• Tamaoki T, Nomoto H, Takahashi I, Kato Y, Morimoto M & Tomita F (1986). Staurosporine, a potent inhibitor of phospholipid/Ca2+-dependent protein kinase. Biochem Biophys Res Commun 135, 397402.
  • Van Rheenen J, Achame EM, Janssen H, Calafat J & Jalink K (2005). PIP2 signaling in lipid domains: a critical re-evaluation. EMBO J 24, 16641673.
  • Varnai P & Balla T (1998). Visualization of phosphoinositides that bind pleckstrin homology domains: calcium- and agonist-induced dynamic changes and relationship to myo-[3H]inositol-labeled phosphoinositide pools. J Cell Biol 143, 501510.
  • Varnai P, Thyagarajan B, Rohacs T & Balla T (2006). Rapidly inducible changes in phosphatidylinositol 4,5-bisphosphate levels influence multiple regulatory functions of the lipid in intact living cells. J Cell Biol 175, 377382.
  • Wang J, Gambhir A, Hangyas-Mihalyne G, Murray D, Golebiewska U & McLaughlin S (2002). Lateral sequestration of phosphatidylinositol 4,5-bisphosphate by the basic effector domain of myristoylated alanine-rich C kinase substrate is due to nonspecific electrostatic interactions. J Biol Chem 277, 3440134412.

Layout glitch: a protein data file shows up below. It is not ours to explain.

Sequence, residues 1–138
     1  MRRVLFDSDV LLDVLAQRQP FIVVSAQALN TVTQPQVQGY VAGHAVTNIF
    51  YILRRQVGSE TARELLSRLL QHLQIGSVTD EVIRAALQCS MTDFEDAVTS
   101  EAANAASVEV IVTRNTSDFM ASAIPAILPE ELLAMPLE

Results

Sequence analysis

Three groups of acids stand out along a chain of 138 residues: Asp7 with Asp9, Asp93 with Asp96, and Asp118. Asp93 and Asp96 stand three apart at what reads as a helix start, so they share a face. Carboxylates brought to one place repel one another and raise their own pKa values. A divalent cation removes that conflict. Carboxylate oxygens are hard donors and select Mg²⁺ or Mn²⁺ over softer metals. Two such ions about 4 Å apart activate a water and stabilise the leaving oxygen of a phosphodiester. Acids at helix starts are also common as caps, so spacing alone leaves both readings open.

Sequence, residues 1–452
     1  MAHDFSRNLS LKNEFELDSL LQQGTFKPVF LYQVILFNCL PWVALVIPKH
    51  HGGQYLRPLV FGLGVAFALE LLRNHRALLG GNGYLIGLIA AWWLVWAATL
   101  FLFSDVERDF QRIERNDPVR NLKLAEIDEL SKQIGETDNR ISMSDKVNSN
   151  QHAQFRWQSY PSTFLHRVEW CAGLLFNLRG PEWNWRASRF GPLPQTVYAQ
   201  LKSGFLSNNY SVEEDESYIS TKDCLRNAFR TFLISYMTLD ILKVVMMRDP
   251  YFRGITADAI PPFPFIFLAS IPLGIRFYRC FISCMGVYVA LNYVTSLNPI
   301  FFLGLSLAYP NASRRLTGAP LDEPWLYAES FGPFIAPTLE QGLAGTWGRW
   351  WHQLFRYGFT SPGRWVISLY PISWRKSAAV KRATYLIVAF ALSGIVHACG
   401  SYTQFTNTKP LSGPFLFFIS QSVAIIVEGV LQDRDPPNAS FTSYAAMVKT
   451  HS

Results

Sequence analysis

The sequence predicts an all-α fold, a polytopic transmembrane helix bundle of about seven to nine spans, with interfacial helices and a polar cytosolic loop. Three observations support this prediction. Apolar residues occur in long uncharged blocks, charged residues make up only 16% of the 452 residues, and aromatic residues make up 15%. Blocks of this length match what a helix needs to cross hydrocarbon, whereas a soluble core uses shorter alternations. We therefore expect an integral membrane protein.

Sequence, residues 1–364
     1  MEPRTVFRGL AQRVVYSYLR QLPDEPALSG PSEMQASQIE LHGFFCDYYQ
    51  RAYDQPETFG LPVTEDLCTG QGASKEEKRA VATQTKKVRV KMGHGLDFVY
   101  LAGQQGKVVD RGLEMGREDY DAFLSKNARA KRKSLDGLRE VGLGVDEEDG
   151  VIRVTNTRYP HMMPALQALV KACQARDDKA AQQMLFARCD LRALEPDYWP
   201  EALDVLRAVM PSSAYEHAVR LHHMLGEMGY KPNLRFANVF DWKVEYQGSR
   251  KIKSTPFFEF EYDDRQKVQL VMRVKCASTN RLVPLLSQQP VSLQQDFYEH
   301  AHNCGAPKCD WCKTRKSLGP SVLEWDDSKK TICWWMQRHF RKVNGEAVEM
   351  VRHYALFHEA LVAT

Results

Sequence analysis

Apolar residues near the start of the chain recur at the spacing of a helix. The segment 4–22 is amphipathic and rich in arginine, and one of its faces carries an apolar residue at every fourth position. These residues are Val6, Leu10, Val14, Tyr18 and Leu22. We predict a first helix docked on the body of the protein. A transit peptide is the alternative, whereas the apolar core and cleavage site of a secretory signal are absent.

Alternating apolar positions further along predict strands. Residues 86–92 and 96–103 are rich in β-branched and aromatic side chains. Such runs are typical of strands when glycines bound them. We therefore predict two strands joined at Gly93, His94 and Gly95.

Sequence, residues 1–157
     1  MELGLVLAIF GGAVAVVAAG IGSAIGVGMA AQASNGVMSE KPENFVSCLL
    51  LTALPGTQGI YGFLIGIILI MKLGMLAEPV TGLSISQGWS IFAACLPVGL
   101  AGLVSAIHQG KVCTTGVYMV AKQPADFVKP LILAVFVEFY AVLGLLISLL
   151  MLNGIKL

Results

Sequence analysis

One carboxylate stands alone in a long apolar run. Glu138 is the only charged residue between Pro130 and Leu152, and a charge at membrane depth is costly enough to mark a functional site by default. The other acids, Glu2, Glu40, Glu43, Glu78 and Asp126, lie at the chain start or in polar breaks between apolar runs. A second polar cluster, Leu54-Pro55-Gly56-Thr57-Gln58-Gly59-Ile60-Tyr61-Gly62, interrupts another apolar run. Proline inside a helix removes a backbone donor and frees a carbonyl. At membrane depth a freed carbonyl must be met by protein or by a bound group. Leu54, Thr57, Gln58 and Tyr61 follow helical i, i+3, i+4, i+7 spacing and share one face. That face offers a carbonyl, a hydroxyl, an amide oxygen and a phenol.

• Winks JS, Hughes S, Filippov AK, Tatulian L, Abogadie FC, Brown DA & Marsh SJ (2005). Relationship between membrane phosphatidylinositol-4,5-bisphosphate and receptor-mediated inhibition of native neuronal M channels. J Neurosci 25, 34003413.
  • Xie LH, John SA, Ribalet B & Weiss JN (2006). Activation of inwardly rectifying potassium (Kir) channels by phosphatidylinosital-4,5-bisphosphate (PIP2): Interaction with other regulatory ligands. Prog Biophys Mol Biol 94, 320325.
  • Xu C, Watras J & Loew LM (2003). Kinetic analysis of receptor-activated phosphoinositide turnover. J Cell Biol 161, 779791.
  • Zaika O, Lara L, Gamper N, Hilgemann DW, Jaffe DB & Shapiro MS (2006). Angiotensin II regulates neuronal excitability via PIP2-dependent modulation of Kv7 (M-type) K+ channels. J Physiol 575, 4967.
  • Zaika O, Tolstykh GP, Jaffe DB & Shapiro MS (2007). IP3-mediated Ca2+ signals direct purinergic P2Y-receptor regulation of neuronal ion channels. J Neurosci (in press).
  • Zhang H, Craciun LC, Mirshahi T, Rohacs T, Lopes CM, Jin T & Logothetis DE (2003). PIP2 activates KCNQ channels, and its hydrolysis underlies receptor-mediated inhibition of M currents. Neuron 37, 963975.
  • Zhang H, He C, Yan X, Mirshahi T & Logothetis DE (1999). Activation of inwardly rectifying K+ channels by distinct PtdIns(4,5)P2 interactions. Nat Cell Biol 1, 183188.

Appendix

  1. Top of page
  2. Abstract
  3. Specificity of PIP2 signalling
  4. PIP2 affinity of membrane proteins
  5. Technical considerations
  6. Perspectives
  7. References
  8. Appendix

Acknowledgements

The work in the laboratory of N.G. is supported by the Wellcome Trust Grant 080593/Z/06/Z, and in the laboratory of M.S.S. by NIH grant RO1 NS043394.